Pattern cutting Buddy :)

Look who I got cutting a pattern with me 🙂 ❤ Thanks for spending time with me Mumsie x – with Sandra at Home

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Useful info and free pattern link

Useful information based on the Great British Sewing Bee program:

http://www.thesewingdirectory.co.uk/news/2014/02/18/sewing-bee-series-2-epsiode-1-supplies-and-techniques/

Free downloadable sewing pattern (sleeveless top):
http://www.coletterie.com/colette-patterns-news/free-pattern-to-download-the-sorbetto-top

More techniques from GBSB episode 2 (Patterned fabric):
http://www.thesewingdirectory.co.uk/news/2014/02/25/the-great-british-sewing-bee-episode-2/

More Techniques from GBSB episode 3 (Stretch Fabric):
http://www.thesewingdirectory.co.uk/news/2014/03/04/episode-3-the-great-british-sewing-bee/

#SOIsewalong bodice completed

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I’m enjoying the SewOverIt sew along 🙂

I had a few issues with zigzagging the seams as my sewing machine has set sized stitches and the largest zigzag was making the edge of the material (crepe de chine) turn up at the sides. It was fine when zigzagging two pieces of material at the seam, my problem was mainly on single pieces of fabric.

I had to adjust the side of the bust area as it was gaping. But I managed to get there in the end 🙂
Now for the skirt part!

Drafting a pattern from a shop bought skirt

I have an all time favourite skirt that I would to reproduce in different materials. It’s a skater skirt and ‘should’ (she says) be easy enough to recreate!

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So here’s how I went about attempting this:

1) I laid the skirt down flat on to some kiddie craft paper. I then took my pattern tracer wheel and ran that along the seams. This made a dotted mark along the paper.

2) Using my pattern making ruler and grader’s set square I straightened the lines and made the curves better (not sure how else to word that). The front part to my pattern I folded it in half to make sure it was using the centre front as the fold line.

3) I drew the straight grain parallel to the centre front line and centre back seams. I found the straight grain for the side pattern pieces by folding them in half and drawing the straight grain along that folded line.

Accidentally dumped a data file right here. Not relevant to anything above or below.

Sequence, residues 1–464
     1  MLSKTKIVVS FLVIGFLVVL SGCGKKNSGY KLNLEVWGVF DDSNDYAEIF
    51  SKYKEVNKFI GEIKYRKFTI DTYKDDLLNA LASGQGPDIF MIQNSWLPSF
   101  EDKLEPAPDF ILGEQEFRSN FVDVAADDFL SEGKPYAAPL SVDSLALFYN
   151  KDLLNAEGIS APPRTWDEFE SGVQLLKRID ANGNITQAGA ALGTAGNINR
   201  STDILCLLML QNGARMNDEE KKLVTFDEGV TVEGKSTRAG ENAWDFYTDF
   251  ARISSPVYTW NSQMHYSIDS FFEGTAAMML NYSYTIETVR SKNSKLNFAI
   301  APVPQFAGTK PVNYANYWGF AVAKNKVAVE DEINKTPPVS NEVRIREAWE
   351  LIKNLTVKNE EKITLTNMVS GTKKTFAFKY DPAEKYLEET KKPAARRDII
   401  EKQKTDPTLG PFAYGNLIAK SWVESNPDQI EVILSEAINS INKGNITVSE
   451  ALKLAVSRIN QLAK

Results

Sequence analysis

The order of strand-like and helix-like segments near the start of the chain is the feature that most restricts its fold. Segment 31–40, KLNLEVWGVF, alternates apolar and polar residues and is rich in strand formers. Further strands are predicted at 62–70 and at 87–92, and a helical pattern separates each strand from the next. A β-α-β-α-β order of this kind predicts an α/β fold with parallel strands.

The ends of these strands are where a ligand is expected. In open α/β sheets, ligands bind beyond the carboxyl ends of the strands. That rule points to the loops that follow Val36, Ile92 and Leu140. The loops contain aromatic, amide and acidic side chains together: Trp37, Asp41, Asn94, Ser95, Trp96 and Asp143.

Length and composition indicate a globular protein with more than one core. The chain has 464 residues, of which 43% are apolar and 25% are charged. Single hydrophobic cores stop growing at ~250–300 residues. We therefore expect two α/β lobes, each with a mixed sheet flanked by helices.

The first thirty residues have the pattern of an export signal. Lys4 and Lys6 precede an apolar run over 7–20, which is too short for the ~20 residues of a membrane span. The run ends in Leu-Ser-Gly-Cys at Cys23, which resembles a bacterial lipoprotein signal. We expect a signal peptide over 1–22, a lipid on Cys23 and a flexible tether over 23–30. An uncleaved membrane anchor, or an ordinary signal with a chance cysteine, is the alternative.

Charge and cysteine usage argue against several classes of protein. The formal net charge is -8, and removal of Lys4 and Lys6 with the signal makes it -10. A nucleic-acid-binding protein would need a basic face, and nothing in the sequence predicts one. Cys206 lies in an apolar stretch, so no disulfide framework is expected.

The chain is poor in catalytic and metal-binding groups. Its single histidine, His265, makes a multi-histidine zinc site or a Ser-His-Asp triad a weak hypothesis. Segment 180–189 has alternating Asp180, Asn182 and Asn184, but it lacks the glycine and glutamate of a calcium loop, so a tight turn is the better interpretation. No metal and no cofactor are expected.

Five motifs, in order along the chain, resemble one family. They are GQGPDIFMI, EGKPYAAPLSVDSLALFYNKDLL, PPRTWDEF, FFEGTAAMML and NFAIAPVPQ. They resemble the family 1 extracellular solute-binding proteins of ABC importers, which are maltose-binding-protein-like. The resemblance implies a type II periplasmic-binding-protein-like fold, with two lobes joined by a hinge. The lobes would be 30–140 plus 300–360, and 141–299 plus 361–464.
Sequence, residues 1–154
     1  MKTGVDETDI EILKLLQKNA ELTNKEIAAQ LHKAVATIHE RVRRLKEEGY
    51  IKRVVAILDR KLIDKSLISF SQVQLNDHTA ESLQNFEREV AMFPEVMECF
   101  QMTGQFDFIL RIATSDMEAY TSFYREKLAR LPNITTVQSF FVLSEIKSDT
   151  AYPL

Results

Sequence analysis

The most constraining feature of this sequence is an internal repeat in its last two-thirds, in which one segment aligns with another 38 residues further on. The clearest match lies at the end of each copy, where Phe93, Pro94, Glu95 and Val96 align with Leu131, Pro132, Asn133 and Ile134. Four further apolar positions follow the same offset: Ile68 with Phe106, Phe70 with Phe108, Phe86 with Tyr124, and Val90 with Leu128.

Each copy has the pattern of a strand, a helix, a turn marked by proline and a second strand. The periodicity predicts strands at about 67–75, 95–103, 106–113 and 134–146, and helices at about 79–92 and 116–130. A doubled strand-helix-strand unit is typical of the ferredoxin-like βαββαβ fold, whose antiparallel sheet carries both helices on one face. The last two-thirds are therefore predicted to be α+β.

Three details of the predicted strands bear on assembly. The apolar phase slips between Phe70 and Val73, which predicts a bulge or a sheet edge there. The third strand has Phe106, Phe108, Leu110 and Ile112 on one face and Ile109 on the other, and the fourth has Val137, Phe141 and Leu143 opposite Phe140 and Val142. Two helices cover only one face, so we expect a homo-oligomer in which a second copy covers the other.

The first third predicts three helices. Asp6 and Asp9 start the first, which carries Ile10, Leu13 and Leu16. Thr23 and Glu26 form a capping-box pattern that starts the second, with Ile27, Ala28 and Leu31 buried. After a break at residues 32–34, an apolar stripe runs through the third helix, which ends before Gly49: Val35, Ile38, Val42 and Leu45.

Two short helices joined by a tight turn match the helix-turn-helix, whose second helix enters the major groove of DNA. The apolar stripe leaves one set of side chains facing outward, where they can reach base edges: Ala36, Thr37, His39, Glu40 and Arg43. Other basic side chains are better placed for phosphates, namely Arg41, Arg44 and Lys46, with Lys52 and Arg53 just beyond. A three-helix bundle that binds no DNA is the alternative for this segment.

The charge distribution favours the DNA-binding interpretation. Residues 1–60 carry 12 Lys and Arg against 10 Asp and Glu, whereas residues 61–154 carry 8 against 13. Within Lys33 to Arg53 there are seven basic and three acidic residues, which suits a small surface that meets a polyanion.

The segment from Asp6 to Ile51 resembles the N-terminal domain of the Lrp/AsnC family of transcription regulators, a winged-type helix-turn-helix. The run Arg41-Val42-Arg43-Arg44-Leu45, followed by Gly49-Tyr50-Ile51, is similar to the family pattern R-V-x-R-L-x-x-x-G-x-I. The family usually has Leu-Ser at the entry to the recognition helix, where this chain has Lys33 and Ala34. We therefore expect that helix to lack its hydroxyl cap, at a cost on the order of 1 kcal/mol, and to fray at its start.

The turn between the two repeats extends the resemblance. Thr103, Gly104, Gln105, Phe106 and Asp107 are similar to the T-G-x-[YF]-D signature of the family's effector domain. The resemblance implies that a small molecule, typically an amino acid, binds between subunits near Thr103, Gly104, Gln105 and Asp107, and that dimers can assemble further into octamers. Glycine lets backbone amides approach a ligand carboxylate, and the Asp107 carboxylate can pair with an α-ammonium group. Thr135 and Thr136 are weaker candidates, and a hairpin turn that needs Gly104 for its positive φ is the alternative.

4) I then placed the back part of the skirt down and traced those seams, but I found with this particular skirt that it was the same as the front but with a seam where the centre front is which is where the zip would go.

5) I then added a 1cm seam allowance round all seams apart from the centre back (zip seam) and hem. I allowed a 2cm seam allowance at the hem and 1.5cm seam allowance down he centre back seam to allow room for the zip to be sewn in. You can either add the seam allowance on to the pattern or add it on once the pattern is pinned to the material (like of have).

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6) I decided to make a toile first using calico to test my pattern making skills. So I placed the pattern down lining the straight grain to the selvedges, added the seam allowance then cut out my pieces.

7) The waistband was just a strip of material double the width with a 1cm seam allowance on the length and 1.5 cm at the zip.

Here’s the tested pattern made out if calico:

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It fits perfectly :). Now to make it out of the real fabric!

Cutting the pattern and material #SOIsewalong

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It was a bit tricky to cut the correct size as I am a 12 on the bust, 12/14 on the waist and 14/16 at the hip. Fingers crossed all goes to plan!

I used a rotary cutter to cut the crepe de chine as it was quite slippery, that worked quite well. I also decided not to cut the facings out of the same material as it is very slightly see through. I plan to use a soft cream material for that.